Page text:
Richard John Wells DFC

Wing Commander Richard John Wells was a respected and experienced leader of RAF 108 Squadron when he crashed in Liberator AL577 in Co. Louth, Ireland.

Wing Commander Richard John Wells DFC (39918) served in the Royal Air Force during World War Two. He was the son of Richard Alexander Wells and Ada Wells of Mere Street, Diss, Norfolk.

He was commissioned as an RAF officer in 1937 and posted to the Middle East. The RAF promoted him to Flying Officer on 10th December 1939 only three months after the outbreak of war. By 4th March 1941, he was further promoted to Flight Lieutenant.

Wing Commander Richard John Wells DFC

Imperial War Museum Photo: CM 2380 (Part of the Air Ministry Second World War Official Collection). Wing Commander Richard John Wells, Commanding Officer of RAF 108 Squadron, addresses a Vickers Wellington crew in Fayid, Egypt. Copyright Royal Air Force Official Photographer.

Distinguished Flying Cross

In 1941, Wells received the Distinguished Flying Cross twice with both 148 Squadron and 108 Squadron. He was a well-liked leader with an enthusiasm for combat operations. RAF 108 Squadron built up a worthy reputation under his leadership. He was instrumental in the decision to re-equip the squadron with Liberator planes. With this in mind, he undertook the journey from the Middle East to the United Kingdom.

On 10th June 1941, Wells received his first DFC in recognition of an aerial attack on an aerodrome at Maleme the previous month. In difficult weather, he carried out a dive bomb attack, dropping stick bombs on buildings and planes.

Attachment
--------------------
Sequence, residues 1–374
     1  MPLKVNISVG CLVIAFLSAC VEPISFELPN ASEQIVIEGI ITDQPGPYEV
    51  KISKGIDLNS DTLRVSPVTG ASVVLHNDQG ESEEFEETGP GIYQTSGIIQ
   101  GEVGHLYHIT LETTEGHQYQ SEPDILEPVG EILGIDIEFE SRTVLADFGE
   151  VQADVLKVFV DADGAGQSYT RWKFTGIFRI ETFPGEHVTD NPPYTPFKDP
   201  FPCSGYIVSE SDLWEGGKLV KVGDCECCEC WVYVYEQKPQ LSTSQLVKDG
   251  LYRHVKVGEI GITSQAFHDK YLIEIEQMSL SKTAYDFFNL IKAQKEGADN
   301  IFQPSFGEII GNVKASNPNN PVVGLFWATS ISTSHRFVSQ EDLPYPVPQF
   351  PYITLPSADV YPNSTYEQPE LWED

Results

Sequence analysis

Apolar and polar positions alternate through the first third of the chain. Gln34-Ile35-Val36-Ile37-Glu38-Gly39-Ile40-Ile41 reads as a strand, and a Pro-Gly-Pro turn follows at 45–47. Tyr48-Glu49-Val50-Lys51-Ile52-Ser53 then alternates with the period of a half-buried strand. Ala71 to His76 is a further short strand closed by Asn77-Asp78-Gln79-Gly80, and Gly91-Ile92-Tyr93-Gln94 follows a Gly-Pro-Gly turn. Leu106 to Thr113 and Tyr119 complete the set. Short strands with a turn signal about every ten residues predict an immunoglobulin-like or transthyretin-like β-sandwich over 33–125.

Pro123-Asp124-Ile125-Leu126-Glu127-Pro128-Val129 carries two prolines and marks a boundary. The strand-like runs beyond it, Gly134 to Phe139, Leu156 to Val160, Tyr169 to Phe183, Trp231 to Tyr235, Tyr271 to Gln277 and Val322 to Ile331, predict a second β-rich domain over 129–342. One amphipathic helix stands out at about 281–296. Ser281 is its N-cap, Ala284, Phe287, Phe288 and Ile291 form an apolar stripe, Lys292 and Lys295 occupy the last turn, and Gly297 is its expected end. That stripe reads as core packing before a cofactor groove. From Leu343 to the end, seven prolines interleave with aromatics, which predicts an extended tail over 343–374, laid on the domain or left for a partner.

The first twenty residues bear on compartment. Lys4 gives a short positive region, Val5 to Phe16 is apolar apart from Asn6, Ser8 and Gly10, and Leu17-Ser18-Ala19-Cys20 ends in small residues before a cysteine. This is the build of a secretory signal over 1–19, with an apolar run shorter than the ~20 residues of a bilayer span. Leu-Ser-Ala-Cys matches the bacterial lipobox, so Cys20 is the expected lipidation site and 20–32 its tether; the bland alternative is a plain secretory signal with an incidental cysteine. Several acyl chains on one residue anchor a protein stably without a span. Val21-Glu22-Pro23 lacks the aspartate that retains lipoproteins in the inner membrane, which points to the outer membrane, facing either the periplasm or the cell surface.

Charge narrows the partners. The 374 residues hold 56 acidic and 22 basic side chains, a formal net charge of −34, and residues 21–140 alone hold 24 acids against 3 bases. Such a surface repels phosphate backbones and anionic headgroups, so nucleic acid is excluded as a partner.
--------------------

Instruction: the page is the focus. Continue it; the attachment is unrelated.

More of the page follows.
Flight Lieutenant Wells has been engaged on operational flying over a long period during which he has always displayed great determination and enthusiasm, combined with a high standard of technical and navigational ability.

Distinguished Flying Cross Citation – June 1941.

On 24th September 1941, as Acting Squadron Leader, Richard John Wells was mentioned in despatches. On 17th October 1941, he was awarded his second Distinguished Flying Cross. With 108 Squadron, he had led a unit in Tripoli sinking six enemy ships and damaging many others. In Messina, crews took out railway sidings, trucks, and power supplies.

Throughout the short period of less than a month, Wing Commander Wells organised and directed all the sorties which were carried out by his unit and participated in 15 of them himself. He has at all times displayed outstanding leadership, courage, and determination.

Distinguished Flying Cross Citation – October 1941.

RAF 108 Squadron in Egypt

Imperial War Museum Photo: CM 3386 (Part of the Air Ministry Second World War Official Collection). Consolidated Liberator Mark II, AL574 'O', one of the handful of Liberators operated by No. 108 Squadron RAF in the Middle East at this time, parked on a dispersal pan at Fayid, Egypt, with its crew standing in front. Copyright Official RAF Photographer.

Liberator AL577 Crash

Flight Lieutenant Wells died on 16th March 1942 aged 28 years old. He was the pilot of the ill-fated Consolidated Liberator AL577 that came down at Jenkinstown, Co. Louth, Ireland.

It is with deep regret that this Squadron records that the Liberator captained by Wing Commander Wells DFC, carrying crews home for the Liberator Ferry Flight, crashed in Ireland – this was a great blow indeed for the Squadron.

RAF 108 Squadron Operations Record Book – 17th March 1942.

Richard John Wells’ grave is in Section H, Grave 44 of Diss Cemetery, Norfolk, United Kingdom.